SEWANEE, Tenn. - Bill Barry has witnessed college football at both its loftiest levels and more humble roots. Now 69 and recently retired, he has worked at both Division I Tennessee and Division III Sewanee, which doesn't allow athletic scholarships.
Yet to listen to Barry discuss both programs Saturday afternoon as he sat on the edge of Sewanee's Hardee-McGee Field, the fourth oldest piece of real estate in college football at 123 years young, was to be at least a little bit surprised by which former employer he placed in which category.
"Knowing both of them," he said of the Volunteers and Tigers, "the most genuine form of football is on this (Sewanee's) level."
The Tigers' form of football fell short Saturday against Centre College, the undefeated Colonels clubbing them by a 31-3 score. The loss dropped Sewanee to 1-6 for the season despite 3,500-seat Harris Stadium overflowing with students and their well-dressed parents on Family Weekend.
Yet the outcome did little to dampen the joy of Tigers freshman defensive back and former Baylor School standout Glenn Ireland, who stands second on the team in tackles.
"I didn't expect to play this much my first year," he said. "But there hasn't been as much difference in speed as I expected. Coming out of Baylor, it was either try to play football here or go to Auburn and not play football. I'm so glad I came here. Everybody's so helpful -- professors, coaches, everyone. Everybody has your back. And I get to play college football for four years. That's what it's all about."
It is certainly what it used to be about, for those old enough to remember major college afternoons in the South during the 1960s and early 1970s. And having Earth, Wind and Fire's classic "September" blasting from the press-box speakers at halftime wasn't Saturday's only reminder of a warmer, fuzzier time in college football.
It's Sewanee's timeless all-male twin drinking societies -- the Highlanders in their kilts, the Wellingtons in their capes -- filing into the stadium as one at the start of the second quarter.
"They're sort of like a fraternity," said junior Adam Biro, a proud member of the Highlanders. "But they cross all organizations. If you're an upstanding citizen, you have a chance to join one. It's all pretty crazy."
For those Big State U souls who live and die with each snap of the ball, determined to blanket themselves in school colors from dyed hair to painted toenails, their emotions elevated by deafening rap music, it's crazy in its subtlety. Almost every guy but those in kilts wore kakhis, the classic slacks often accompanied by a button-down shirt, blazer or tweed sport coat. There were almost as many women in skirts or dresses as slacks. The only thing missing from the numerous tailgates was fine china.
"It's just much smaller and more intimate," said Oliver Springs, Tenn., native Danny Roberts, who has become a fixture at Sewanee games since his nephew Brody Roberts became a Tiger last season. "Just look (at the tailgaters). It's a party."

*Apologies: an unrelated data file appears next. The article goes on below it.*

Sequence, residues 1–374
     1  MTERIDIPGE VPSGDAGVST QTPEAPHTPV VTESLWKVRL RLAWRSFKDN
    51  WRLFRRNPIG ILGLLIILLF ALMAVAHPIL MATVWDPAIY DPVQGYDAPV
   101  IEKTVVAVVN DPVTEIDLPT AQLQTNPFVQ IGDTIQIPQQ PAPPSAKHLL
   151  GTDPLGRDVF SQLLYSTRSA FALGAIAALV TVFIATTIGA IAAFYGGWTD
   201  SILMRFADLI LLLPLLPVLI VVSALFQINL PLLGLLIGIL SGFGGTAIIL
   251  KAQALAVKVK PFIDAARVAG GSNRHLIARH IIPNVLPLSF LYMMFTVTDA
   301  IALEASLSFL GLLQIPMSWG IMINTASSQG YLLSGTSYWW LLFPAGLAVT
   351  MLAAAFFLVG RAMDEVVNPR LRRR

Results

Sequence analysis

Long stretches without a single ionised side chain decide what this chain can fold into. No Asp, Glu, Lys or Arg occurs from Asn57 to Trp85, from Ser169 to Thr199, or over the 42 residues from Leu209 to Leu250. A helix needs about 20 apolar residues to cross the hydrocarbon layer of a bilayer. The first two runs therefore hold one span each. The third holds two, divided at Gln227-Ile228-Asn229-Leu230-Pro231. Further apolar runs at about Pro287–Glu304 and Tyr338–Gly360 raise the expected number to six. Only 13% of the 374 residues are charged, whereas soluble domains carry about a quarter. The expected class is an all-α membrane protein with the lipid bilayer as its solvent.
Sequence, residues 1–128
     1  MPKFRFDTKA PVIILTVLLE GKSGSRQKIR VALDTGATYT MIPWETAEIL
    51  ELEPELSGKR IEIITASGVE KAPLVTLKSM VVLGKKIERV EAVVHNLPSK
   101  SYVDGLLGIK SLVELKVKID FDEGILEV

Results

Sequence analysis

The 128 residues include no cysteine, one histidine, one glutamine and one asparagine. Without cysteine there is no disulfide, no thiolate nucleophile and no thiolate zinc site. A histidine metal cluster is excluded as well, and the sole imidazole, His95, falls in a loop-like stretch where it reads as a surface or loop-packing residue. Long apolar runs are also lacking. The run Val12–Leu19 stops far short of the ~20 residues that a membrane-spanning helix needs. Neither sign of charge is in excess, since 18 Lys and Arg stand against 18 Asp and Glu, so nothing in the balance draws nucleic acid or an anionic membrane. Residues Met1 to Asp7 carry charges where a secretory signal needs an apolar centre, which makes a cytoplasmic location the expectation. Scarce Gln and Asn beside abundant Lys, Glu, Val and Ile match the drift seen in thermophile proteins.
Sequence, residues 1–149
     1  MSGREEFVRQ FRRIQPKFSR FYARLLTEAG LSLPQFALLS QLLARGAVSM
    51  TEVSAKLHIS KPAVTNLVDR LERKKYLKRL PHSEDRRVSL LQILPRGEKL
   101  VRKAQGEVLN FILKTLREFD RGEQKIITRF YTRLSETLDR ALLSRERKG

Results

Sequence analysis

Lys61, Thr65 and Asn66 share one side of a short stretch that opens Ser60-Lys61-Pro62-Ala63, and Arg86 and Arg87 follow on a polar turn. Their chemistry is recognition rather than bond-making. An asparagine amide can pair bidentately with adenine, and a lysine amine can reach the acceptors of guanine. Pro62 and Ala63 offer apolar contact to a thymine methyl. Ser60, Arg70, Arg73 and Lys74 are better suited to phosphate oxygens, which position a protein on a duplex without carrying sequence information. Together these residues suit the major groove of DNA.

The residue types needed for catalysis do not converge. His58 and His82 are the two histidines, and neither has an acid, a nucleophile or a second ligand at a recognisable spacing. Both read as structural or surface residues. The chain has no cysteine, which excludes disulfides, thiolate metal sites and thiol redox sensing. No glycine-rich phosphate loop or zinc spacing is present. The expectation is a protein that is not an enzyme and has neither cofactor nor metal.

Added Barry: "Really, Sewanee never changes."
Everything changes, evolves, sometimes for the better. Because October is Breast Cancer Awareness Month, the Sewanee cheerleaders shook pink pompoms and wore pink bows in their hair. Though not necessarily an improvement, the Tigers' helmets have a dull rather than shiny finish, which is all the rage at UT's level. And while Hardee-McGee Field is still framed by magnificent tulip poplars, oaks and maples, it now is covered in plastic grass.
Yet 79-year-old John Greeter will swiftly tell you that what makes Sewanee special is those kids on the field.
"I watched over 500 Tennessee games in person," he said. "I had a skybox at Neyland Stadium and 20 season tickets. Then I got a letter one day that I wasn't giving enough money. That was that. Sewanee's in my will. These kids aren't on scholarship. They play for the love of the game."
Jaimie and Steve Potts' son, Tanner, went to high school in Agoura Hills, Calif., because his father is the Pepperdine athletic director. But Steve worked at Lipscomb University in Nashville before heading for Southern California.
"Tanner wanted to play football in the South," Jaimie said. "He wanted a high academic school and he loved Sewanee's history (which includes charter membership in the Southeastern Conference). It's been a perfect fit."
Sewanee isn't the only Division III program to welcome Chattanooga prep products. Centre counts former McCallie linebacker Andrew Busby among its best freshmen.
"I was scared at first," Busby said. "But it's been fun. You don't have to be a superstar. You just play."
Few have played better for Sewanee than kicker Callum Wishart, who spent his early years in Leeds, West Yorkshire, England, before his family moved in 2004 to Ooltewah, where he became a soccer star and football place-kicker with the Owls.
The junior economics major's second-quarter field goal provided the Tigers' only points against the Colonels. But as he headed for the locker room he wasn't thinking about the loss so much as the setting it was played in.
Said Wishart: "It's a little heaven."
And you wonder why the words on the stadium press box read: "Yea, Sewanee's Right."
Contact Mark Wiedmer at firstname.lastname@example.org.